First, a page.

The tailgate is another of the new wave that responds to a sensor in the proximity key fob. You open it by waving a foot under the back end. Great if your hands are full of shopping or a mountain bike. It’s cleverly laid out, too, with extra underfloor storage and space to stow the cargo covers.
If only there was more space. Constricted as it is by the funky or fugly shape (take your pick), its load capacity matches that of most self-respecting wagons or SUVs. You can drop the rear seats but that’s so of any hatchback and doing so means you also drop three passengers. Again, the point is elusive.
Are we making too much of this? I don’t think so. The GT demands to be judged on its design. Just asBMWhas diluted the driverly virtues that distinguished the 3 Series, the GT suggests it has forgotten what one should look like.
The shudder felt on seeing the malformed X6 quasi-SUV now seems premonitory. Far from being an elaborate practical joke that eluded only the Americans who build them and largely buy them, its malign influence has spread. Presumably the 3 Series GT is also aimed at them.
Why then build it in righthand drive? Because more models means more sales? Good luck— the Yanks are ignoring the 5 Series GT in the same proportion as Australians. Releasing a new niche variant every five minutes works for Audi because although its entry models aren’t much to drive, they look pretty good. At any rate they don’t look like this.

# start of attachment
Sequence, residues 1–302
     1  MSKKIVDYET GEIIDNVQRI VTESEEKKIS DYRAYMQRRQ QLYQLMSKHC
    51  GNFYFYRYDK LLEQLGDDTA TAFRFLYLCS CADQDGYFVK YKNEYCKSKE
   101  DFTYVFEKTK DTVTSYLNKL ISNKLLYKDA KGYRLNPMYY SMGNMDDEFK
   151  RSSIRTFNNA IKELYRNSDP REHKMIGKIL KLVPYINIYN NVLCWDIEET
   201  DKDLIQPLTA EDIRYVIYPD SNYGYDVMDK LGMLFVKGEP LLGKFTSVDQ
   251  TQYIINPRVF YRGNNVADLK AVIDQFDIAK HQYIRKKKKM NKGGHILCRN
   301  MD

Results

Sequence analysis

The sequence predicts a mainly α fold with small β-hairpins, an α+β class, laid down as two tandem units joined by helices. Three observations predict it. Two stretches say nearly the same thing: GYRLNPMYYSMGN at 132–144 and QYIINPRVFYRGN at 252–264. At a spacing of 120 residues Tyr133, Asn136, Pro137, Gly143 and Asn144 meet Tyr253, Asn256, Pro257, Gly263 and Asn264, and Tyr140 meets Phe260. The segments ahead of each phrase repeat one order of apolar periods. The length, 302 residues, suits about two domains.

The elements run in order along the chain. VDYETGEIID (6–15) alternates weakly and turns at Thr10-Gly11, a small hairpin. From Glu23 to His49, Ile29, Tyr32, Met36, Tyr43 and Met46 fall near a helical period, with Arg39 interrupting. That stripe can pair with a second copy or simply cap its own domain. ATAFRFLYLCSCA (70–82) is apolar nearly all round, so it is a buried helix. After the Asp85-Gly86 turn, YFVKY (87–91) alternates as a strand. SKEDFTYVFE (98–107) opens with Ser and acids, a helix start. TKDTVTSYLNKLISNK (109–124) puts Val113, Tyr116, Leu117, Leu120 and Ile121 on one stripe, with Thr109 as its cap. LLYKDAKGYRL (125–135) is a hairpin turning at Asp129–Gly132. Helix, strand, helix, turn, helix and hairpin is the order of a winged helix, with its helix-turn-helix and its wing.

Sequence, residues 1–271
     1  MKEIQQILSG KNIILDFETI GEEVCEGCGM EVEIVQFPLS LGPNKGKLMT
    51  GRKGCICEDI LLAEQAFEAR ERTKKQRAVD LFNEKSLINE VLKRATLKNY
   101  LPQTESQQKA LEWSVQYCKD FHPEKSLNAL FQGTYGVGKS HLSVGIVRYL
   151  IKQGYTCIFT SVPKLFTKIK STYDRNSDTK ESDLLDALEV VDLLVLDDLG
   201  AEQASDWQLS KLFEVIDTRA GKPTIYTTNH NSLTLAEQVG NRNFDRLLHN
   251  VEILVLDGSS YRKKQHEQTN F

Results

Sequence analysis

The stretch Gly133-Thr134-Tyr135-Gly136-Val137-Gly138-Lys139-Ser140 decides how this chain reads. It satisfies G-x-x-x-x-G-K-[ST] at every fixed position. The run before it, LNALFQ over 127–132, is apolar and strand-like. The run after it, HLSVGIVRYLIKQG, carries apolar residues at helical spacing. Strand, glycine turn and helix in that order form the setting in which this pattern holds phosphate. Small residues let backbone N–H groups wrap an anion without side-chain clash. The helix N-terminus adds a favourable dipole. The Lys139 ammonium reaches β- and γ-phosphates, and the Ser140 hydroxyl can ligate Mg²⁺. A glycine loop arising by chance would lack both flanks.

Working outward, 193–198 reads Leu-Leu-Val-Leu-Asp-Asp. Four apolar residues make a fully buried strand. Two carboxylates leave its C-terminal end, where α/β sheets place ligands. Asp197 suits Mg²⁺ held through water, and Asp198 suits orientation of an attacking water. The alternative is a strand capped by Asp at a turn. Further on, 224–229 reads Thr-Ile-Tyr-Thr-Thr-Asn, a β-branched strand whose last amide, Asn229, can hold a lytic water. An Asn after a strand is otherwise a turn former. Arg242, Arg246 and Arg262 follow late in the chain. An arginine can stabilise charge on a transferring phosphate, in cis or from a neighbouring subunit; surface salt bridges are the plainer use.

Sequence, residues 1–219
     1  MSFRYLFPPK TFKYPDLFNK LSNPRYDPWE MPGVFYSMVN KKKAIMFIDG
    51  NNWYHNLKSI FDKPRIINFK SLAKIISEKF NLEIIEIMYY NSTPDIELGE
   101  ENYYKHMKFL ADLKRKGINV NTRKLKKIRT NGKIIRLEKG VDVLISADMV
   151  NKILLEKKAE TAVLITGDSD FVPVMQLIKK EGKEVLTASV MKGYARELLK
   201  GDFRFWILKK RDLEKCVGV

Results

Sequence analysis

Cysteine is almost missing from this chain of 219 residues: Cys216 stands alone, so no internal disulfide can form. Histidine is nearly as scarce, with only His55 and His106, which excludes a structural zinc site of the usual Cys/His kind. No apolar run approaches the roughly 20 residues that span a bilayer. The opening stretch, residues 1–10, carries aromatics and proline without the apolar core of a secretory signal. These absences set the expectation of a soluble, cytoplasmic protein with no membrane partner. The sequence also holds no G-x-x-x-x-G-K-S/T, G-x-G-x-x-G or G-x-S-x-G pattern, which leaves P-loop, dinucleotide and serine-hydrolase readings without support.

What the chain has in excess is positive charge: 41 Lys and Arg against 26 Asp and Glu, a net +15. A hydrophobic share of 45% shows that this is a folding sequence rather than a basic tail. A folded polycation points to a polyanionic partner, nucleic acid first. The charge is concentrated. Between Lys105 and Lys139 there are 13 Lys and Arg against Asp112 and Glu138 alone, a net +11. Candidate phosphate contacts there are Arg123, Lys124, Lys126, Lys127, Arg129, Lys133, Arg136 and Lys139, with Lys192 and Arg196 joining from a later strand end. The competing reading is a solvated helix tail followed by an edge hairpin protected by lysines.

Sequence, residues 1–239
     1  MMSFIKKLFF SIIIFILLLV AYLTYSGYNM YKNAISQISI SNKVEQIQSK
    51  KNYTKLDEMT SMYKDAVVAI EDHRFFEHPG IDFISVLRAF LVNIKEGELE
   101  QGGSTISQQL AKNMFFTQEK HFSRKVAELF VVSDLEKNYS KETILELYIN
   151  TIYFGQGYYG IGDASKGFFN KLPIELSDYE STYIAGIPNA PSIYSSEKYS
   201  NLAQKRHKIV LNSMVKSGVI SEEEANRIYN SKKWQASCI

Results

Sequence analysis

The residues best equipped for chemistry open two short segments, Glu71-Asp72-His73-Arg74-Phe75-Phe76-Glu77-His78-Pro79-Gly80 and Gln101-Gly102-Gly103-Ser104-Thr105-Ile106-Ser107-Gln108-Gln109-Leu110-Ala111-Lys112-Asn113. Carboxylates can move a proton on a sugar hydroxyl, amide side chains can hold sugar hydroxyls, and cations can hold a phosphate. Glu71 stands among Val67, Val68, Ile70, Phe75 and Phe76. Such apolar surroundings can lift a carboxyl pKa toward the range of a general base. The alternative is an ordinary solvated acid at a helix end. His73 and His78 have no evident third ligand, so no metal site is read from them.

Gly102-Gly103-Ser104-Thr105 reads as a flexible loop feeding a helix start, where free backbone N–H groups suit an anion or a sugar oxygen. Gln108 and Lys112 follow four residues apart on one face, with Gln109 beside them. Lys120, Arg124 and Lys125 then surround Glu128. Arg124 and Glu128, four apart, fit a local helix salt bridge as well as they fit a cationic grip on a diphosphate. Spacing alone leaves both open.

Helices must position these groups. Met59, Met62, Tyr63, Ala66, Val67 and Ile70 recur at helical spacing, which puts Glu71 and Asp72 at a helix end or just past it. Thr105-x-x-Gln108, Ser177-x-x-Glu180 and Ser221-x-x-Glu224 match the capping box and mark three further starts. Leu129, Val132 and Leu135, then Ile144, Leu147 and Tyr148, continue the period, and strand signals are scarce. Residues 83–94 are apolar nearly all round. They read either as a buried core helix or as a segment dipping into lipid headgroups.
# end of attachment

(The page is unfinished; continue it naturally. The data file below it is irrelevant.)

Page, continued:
The GT falls short on form and function.
The five safety stars earned by the sedan extend to this (although it looks as if the crash testing was done at the back, not the front— such unfortunate serendipity might explain its shape).
Standard is a reversing camera, optional is the full surround camera and head-up display. As ever withBMW there is no spare wheel, only run-flat tyres, because driving conditions in Australia apparently mirror those of Germany.
Of the available test cars only the diesel 320d is of interest to us. The same engine and transmission runs the 520d, to which we’ve awarded two stars from five.
The 3 Series GT is by no means as poor as the marginally bigger, far heavier and more expensive model. It couldn’t possibly be. On rutted Sicilian roads, all too like those at home, the GT was no more comfortable than any 3 Series without the expensive addition ofMSports suspension. Eight centimetres might not sound much, but that extra height over the sedan is felt when cornering.
Still, it does get closer to behaving as a buyer has every right to expect from a car with this badge. Sending all the drive forces to the rear wheels leaves the front free to steer and this simple formula, of whichBMW remains one of the few remaining practitioners, works in the form of fluency on back roads and a tight turning circle in town.
The eight-speed auto isn’t easily caught out. It’s almost always in the right gear, plucking the optimum from a great, grunty engine that is exceptionally refined and at its best doing highway cruising speed. If you associate diesels with coarse agricultural devices, think again. You really ought to drive the 320d next to a 320i.
But in another model line perhaps, because if you associate 3 Series with great driving and graceful design, this is not the 3 Series for you.
Buy the 3 Series wagon or X3 SUV. Or an Audi A5 Sportback.
Rump’s take: The GT’s liftback is clever but the sloping coupe roofline limits headroom